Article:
Te reo tataitai: developing rich mathematical language in Maori immersion classrooms

Funding year: 
2 years
University of Otago
School sector
Project start date: 
January 2005
Project end date: 
January 2007
Principal investigator(s): 
Tamsin Meaney
Research team members: 
Tony Trinick, University of Auckland
Research partners: 
University of Auckland and Uenuku Fairhall (Te Arawa: Ngāti Rangiwewehi, Waitaha, and Ngāti Te Rangi: Ngāti Hē ), Principal of Kura Kaupapa Māori o te Koutu.

Project Description

Analysis of the Māori medium numeracy project (Te Poutama Tau) student data found that language proficiency was a significant factor in student achievement in the higher stages of the number framework (Christensen, 2003). In kura kaupapa Māori , students often have te reo Māori as a second language. Consequently, there is a need to understand more about how to support students learning athematical content at the same time that they are learning te reo Māori and, in particular, the mathematics register, te reo tataitai. This situation is complicated by the newness of this register in te reo Māori (see Christensen, 2003; Meaney, Fairhall, & Trinick, 2006). The effect of language on mathematics learning has been recognised for sometime (Ellerton & Clarkson, 1996), but little research has been carried out on how students acquire the mathematics register.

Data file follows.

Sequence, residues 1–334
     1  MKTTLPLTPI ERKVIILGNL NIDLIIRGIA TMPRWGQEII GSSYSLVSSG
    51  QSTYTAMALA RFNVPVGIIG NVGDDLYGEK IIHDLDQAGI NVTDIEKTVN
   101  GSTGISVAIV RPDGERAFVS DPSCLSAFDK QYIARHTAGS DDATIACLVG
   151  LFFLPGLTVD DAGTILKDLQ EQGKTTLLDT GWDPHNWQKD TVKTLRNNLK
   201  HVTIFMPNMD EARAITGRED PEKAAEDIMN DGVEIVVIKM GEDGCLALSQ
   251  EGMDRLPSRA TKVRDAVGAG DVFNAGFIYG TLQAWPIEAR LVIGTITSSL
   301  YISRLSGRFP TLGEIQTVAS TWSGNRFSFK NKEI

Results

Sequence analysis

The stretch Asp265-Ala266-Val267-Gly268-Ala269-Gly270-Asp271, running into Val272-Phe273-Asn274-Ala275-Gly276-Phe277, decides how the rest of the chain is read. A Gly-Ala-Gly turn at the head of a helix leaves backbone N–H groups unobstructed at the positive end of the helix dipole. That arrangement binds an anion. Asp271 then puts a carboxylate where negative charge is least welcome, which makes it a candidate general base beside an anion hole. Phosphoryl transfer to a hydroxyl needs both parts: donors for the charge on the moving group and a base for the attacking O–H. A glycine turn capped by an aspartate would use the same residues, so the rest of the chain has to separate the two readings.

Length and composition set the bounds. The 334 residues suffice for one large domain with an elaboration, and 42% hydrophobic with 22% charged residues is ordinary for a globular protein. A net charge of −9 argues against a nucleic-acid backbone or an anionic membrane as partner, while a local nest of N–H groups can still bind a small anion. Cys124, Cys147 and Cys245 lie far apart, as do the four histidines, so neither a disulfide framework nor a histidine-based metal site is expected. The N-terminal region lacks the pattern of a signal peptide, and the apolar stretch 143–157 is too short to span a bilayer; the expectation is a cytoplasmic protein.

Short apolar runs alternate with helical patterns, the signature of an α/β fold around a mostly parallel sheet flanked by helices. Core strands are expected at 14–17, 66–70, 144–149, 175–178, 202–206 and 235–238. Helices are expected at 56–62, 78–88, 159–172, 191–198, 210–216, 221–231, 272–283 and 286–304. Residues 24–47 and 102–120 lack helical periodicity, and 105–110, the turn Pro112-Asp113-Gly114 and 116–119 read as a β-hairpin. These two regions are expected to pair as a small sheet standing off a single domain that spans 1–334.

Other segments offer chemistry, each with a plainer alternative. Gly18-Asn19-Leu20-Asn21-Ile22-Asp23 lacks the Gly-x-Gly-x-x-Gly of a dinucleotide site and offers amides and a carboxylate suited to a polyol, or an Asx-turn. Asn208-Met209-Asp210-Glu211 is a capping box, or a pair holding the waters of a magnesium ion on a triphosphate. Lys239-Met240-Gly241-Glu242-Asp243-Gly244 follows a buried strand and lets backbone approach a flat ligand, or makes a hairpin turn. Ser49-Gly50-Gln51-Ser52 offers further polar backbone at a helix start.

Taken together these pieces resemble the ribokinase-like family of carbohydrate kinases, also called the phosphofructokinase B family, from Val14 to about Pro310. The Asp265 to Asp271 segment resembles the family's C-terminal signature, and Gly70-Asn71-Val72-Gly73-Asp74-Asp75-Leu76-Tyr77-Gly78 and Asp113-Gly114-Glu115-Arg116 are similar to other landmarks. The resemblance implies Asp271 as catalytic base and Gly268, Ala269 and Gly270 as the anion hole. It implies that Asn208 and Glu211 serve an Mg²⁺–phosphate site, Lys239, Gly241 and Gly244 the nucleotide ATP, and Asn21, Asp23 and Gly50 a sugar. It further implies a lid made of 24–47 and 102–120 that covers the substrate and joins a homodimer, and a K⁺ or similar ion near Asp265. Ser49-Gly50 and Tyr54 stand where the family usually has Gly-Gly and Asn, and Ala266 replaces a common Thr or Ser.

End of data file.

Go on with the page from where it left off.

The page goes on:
During 2005 and 2006, this Teaching and Learning Research Initiative (TLRI) project gathered information on the acquisition of the mathematics register by documenting and evaluating the scaffolding and modelling of student’s mathematical language by the teachers in a kura kaupapa Māori . It involved a partnership between seven teachers of mathematics at Te Kura Kaupapa Māori o te Koutu and three researchers. The teachers were also participating in Te Poutama Tau and felt that this research would complement that project. Having all the teachers involved in this project meant that the results are seen as coherent and of use in discussions about the mathematics programme.

The final stage of the research investigated how this knowledge affected the teaching practice of those involved and this enabled an appropriate evaluation of the research for its practical value to be undertaken. Better understanding of how the mathematics register is acquired is likely to be of benefit not just to kura kaupapa Māori teachers and their students, but also to others considering language issues in other content areas.

Project Contact

Tamsin Meaney is now Professor of Mathematics Education, Faculty of Education and Society, Malmö University, Sweden.
Email: tamsin.meaney@mah.se

Project Outputs



Meaney, T.,Trinick, T., Fairhall, U.(2012) Collaborating to meet Language Challenges in Indigenous Mathematics Classrooms. Springer Press, 1st Edition., 2012, XVIII, 286 p. 65 illus.Mathematics Education Library